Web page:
Education in Motion / EIM Blog / January 2022 / Who Needs Anterior Head Supports?

Who Needs Anterior Head Supports?

Head supports come in a range of shapes, sizes, and configurations. A well-designed head support provides comfort, stability, and alignment of the head and neck, enabling socialization and communication whilst keeping the airway safe for breathing and swallowing.

We are often asked by parents, therapists, teachers, and carers what supports can be used to position the head upright. Anterior head supports may seem like they could work, but I usually try to start with other options to correct posture before considering an anterior head support.

Before prescribing an anterior support, there are a number of considerations:

  1. Is the seating providing a stable base for alignment? The head is at the end of a chain of body segments. When seated, the pelvis is the keystone and base of optimal positioning. Ensure the pelvis and trunk are aligned well first.
  2. Could the use of tilt-in-space change the impact that gravity has on posture assist?
  3. What is the seat-to-back angle and backrest angle? Could alterations improve head position?
  4. Consider freedom for movement and changes in posture throughout the day. Does the headrest accommodate tone and the different positions the head might be in?
  5. Check for any areas of high pressure, particularly with extensor tone and repetitive movements/dystonia to minimize friction and shear at areas of contact.
  6. What is most important most of the time? Just because you could add lateral and anterior head supports doesn't necessarily mean that you should!
  7. Can the anterior head support be used only during specific times, e.g. meals, speech therapy, learning?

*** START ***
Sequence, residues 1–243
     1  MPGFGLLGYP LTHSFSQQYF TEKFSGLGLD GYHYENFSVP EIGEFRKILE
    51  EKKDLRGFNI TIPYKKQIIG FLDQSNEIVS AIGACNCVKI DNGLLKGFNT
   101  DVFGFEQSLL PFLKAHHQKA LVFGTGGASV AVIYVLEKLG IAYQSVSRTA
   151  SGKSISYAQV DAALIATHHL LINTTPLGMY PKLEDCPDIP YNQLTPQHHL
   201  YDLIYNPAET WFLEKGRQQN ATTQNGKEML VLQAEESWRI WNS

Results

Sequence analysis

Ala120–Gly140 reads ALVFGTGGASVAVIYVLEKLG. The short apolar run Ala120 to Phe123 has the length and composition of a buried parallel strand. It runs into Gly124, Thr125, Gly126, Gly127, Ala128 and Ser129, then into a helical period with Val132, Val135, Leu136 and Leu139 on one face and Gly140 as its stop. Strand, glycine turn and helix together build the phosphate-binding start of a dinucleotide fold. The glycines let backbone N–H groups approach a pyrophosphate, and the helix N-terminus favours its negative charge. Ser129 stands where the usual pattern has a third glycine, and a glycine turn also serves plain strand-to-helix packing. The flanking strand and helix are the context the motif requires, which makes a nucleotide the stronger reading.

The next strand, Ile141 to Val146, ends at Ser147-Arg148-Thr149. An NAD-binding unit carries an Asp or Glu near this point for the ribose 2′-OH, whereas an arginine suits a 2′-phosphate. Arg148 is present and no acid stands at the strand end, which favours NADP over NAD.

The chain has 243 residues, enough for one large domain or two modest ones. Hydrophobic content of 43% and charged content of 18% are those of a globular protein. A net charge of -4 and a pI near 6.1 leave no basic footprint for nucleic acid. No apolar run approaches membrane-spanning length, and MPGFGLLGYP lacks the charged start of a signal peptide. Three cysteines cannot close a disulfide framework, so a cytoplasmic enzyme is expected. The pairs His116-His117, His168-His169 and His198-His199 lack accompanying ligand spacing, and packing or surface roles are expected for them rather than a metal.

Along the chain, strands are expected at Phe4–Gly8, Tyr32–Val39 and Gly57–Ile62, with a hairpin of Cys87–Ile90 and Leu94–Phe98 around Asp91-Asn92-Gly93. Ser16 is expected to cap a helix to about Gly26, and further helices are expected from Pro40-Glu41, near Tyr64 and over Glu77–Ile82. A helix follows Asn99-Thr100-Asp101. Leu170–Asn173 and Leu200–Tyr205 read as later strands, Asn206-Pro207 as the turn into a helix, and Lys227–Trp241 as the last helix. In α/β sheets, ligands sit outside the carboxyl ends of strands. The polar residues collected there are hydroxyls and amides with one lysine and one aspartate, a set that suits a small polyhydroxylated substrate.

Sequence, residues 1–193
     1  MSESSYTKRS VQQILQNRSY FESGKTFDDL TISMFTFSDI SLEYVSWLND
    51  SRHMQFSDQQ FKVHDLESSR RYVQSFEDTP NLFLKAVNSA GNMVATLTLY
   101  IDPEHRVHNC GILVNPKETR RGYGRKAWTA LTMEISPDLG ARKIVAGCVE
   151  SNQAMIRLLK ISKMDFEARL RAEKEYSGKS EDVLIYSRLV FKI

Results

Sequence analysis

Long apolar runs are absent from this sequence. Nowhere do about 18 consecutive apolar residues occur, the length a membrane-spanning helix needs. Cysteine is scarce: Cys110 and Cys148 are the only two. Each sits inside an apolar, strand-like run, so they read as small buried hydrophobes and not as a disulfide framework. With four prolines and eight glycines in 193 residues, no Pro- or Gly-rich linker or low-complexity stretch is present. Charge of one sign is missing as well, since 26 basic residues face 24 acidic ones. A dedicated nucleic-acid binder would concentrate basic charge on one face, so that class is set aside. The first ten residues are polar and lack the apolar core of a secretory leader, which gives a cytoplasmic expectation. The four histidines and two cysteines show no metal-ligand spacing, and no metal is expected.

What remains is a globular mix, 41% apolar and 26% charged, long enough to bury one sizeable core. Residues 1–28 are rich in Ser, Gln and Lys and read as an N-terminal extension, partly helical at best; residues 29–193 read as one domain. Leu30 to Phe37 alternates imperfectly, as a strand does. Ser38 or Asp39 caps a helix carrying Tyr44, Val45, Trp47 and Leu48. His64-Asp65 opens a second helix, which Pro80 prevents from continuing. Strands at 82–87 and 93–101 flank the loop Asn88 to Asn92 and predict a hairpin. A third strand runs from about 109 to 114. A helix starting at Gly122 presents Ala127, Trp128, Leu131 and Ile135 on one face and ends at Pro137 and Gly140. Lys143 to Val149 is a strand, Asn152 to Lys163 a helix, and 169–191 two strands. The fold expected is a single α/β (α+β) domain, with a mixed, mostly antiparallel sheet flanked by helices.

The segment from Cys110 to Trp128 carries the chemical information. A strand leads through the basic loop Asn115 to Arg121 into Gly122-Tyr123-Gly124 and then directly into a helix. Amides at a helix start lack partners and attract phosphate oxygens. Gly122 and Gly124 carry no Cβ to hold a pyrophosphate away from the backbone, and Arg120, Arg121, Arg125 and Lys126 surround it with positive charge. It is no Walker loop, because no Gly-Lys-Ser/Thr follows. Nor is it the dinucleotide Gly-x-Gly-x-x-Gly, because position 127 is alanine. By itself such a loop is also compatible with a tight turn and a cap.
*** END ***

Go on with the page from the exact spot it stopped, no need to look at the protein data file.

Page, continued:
Keep in mind other factors including hearing, vision, and sensory processing disorders which may contribute to poor head position. The first point of stability for head and neck control is the sub-occipital region. Consider a support that cradles the base of the skull whilst still allowing for lateral flexion and rotation. It should limit upper cervical hyperextension and, along with the rest of the supports, encourage chin tuck to protect the airway.

When additional support is needed, move upward providing stability and correction as needed to head itself. Avoid supports that might restrict vision or hearing. Be sure to respect the available tone & ROM and avoid positioning at the end of range.

Supporting the head anteriorly is typically the last support area considered. Some key aspects to note:

  • Do not obstruct vision.
  • Mounting for anterior supports needs to be easily adjusted to enable transfers and repositioning throughout the day.
  • When in a vehicle, there is the risk of movement of the anterior supports that might impact safety of the client. Usage may require supervision throughout the journey.
  • Supports along the forehead can create a trigger for tone or upper cervical extension.

Remember the importance of a thorough seating assessment when considering anterior head supports. This will determine how to provide a stable base and trunk to achieve the best functional outcomes for head position.

Amy Bjornson BS, MPT, ATP, SMS - Clinical Education Manager, Asia-Pacific

Amy Bjornson
BS, MPT, ATP, SMS - Clinical Education Manager, Asia-Pacific

Published: 2022-01-31

DISCLAIMER: FOR PROFESSIONAL USE ONLY. THIS WEBSITE (AND THE DOCUMENTS REFERENCED HEREIN) DO NOT PROVIDE MEDICAL ADVICE. Sunrise Medical (CA) LLC ("Sunrise") does not provide clinician services. The information contained on this website (and the documents referenced herein), including, but not limited to, the text, graphics, images, and descriptions, are for informational purposes only and should be utilized as a general resource for clinicians and suppliers to then use clinical reasoning skills to determine optimal seating and mobility solutions for individual patients. No material on this website (or any document referenced herein) is intended to be used as (or a substitute for) professional medical advice, diagnosis or treatment. Never disregard your professional medical training when providing medical advice or treatment because of something you have read on this website (or any document referenced herein). Clinicians should review this (and any other materials) carefully and confirm information contained herein with other sources. Reliance on this website (and the information contained herein) is solely at your own risk.